Many Super Sunni Black Muslims (more Arab than the Arabs) have never heard of Bamba or any other West African Muslims, going back to Ghana, Mali and Shanghai, the Islamic empires of West Africa. Yes, those Muslims who traveled to America before Columbus; those Africans who created the University of Timbuktu, while the Europeans were in the Dark Ages, especially until the African and Arab Muslims conquered Spain in 711 when Tariq crossed the straights of Gibraltar  (Gebal Tariq, mount of Tariq) and spent a thousand years in Moorish Spain, and would have conquered Europe until stopped by Charles Martel in the battle of Tours, France.

Story of the Moors in Spain (T (Paperback) | Eso Won Books

We learn painfully that history repeats itself. Often we never learn from history, thus we repeat it to the pain of our children who suffer from our mistakes. Not long ago, Black Arts Movement co-founder, Askia Toure,  lectured at University of California, Merced. He prefaced his remarks with an apology to the students for the condition they are in due to us elders not finishing the work so they would not need to reinvent the wheel to liberation. After his remarks, I took the mike and told the students while we did not finish our liberation, it was due to the overwhelming power of the US Government that came at us with military force, disinformation campaigns, agent provocateurs, snitches and opportunists. In short, the Black Liberation Movement was sugar coated with agents who did every thing in their power to abort our liberation movement, including the Civil Rights Movement.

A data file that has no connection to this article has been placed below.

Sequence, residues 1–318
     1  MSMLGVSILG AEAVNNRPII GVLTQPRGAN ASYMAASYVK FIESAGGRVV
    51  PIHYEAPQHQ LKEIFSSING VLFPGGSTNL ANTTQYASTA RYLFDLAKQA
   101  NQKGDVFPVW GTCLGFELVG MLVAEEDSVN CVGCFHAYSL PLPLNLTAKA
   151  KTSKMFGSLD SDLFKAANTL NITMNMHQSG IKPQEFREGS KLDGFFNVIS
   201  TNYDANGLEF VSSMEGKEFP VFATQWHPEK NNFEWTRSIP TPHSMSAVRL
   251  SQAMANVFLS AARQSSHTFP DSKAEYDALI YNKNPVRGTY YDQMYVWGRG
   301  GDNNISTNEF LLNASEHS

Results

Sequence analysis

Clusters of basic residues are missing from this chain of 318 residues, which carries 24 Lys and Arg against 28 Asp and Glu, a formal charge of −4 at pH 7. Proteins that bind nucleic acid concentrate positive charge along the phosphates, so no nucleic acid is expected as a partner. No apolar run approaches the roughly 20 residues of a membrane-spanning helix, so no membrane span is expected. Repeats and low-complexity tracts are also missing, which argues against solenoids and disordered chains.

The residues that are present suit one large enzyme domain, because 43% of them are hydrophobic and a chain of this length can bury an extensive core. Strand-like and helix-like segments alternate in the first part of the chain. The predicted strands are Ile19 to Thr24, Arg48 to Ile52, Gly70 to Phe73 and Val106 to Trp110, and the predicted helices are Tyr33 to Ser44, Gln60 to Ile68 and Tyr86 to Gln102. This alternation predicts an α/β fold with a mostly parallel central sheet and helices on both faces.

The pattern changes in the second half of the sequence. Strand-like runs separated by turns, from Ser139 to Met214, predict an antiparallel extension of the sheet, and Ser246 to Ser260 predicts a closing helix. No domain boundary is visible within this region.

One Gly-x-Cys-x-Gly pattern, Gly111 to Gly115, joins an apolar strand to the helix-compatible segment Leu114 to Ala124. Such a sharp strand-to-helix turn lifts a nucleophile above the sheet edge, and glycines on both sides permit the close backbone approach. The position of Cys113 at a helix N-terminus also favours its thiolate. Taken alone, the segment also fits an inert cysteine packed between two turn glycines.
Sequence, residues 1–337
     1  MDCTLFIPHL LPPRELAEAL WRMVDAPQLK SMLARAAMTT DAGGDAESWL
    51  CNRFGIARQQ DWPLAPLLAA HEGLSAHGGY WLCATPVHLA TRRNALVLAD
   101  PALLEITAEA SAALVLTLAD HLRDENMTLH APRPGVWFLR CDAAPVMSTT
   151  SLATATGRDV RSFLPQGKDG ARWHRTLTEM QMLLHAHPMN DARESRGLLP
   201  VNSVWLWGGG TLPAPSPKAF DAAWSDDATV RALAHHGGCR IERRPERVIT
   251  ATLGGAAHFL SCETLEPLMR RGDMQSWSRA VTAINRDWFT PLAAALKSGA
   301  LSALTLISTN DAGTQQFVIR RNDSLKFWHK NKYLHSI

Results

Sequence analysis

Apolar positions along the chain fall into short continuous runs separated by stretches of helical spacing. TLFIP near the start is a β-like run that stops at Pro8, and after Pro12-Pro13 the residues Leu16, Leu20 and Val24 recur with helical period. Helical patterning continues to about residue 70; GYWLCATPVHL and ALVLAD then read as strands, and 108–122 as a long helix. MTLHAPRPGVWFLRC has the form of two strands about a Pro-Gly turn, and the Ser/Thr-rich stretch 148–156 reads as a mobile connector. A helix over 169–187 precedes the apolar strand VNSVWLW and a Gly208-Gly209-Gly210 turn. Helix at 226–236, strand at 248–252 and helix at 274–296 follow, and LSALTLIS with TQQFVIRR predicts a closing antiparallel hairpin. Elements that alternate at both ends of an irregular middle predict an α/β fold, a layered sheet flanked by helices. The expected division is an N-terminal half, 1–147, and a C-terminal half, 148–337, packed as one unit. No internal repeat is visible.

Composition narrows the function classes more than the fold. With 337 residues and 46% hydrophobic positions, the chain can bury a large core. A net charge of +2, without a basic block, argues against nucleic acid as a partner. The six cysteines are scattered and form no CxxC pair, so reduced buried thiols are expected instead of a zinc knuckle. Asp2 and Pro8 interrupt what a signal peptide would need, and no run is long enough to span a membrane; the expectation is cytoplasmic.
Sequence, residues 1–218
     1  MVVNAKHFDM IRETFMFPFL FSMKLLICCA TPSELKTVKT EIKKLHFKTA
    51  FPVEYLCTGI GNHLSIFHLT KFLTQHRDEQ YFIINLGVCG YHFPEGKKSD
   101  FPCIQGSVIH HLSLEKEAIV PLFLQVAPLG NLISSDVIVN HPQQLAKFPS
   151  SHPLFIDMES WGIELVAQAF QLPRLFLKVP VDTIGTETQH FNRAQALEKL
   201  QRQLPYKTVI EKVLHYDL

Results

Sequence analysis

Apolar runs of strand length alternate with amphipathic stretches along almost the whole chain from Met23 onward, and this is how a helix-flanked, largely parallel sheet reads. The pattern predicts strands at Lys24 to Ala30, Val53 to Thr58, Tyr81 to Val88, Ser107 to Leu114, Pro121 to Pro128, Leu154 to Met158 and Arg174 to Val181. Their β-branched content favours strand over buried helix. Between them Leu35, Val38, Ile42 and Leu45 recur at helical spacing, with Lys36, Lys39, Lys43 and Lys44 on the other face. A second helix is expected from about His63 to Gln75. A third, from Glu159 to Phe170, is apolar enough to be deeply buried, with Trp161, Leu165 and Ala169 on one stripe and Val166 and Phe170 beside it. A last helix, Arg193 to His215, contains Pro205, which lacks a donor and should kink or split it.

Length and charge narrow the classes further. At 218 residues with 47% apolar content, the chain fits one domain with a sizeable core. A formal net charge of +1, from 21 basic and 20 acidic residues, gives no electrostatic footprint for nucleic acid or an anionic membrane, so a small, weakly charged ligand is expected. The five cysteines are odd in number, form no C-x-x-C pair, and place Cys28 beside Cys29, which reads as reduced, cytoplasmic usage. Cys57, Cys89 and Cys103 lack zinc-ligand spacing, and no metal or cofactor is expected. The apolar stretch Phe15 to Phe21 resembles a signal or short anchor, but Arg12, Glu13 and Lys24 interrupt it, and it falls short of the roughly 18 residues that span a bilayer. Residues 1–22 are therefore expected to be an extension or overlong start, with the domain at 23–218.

Alas, the FBI began with the Marcus Garvey Movement around 1914 or a year or two later. It continued through the era of the Civil Rights Movement, including the time of Martin Luther King, Jr. Brother Jones who was MLK, Jr.'s lawyer and works at Stanford University on the MLK, Jr., papers said, "It was not hard for me to write about MLK, Jr., all I had to do was transcribe the FBI tapes! They had every word!"

Were we not under surveillance throughout slavery? No North American Africans could meet without a white person (even a child) present, especially a church meeting. And then came the Black Codes when three or more NAF could not meet or stand on the corner. And then the Slave Catchers (precursors of the police) could catch us and/or kill us if we resisted, though they had to compensate the massa for the loss of his property.

The only reason NAF kill each other today is because they are not of value, no longer chattel property, although they are more valuable incarcerated than dead. In prison they are worth between $50, 000 to $60,000 per year. At the Alameda County Jail that serves Oakland, a correctional officer (the most powerful union in California is the Correctional Officers Union--they tell the Governor what to do!) told a departing inmate, "Keep coming back! Keep coming back! I got me a yacht, now I want to get my son one!"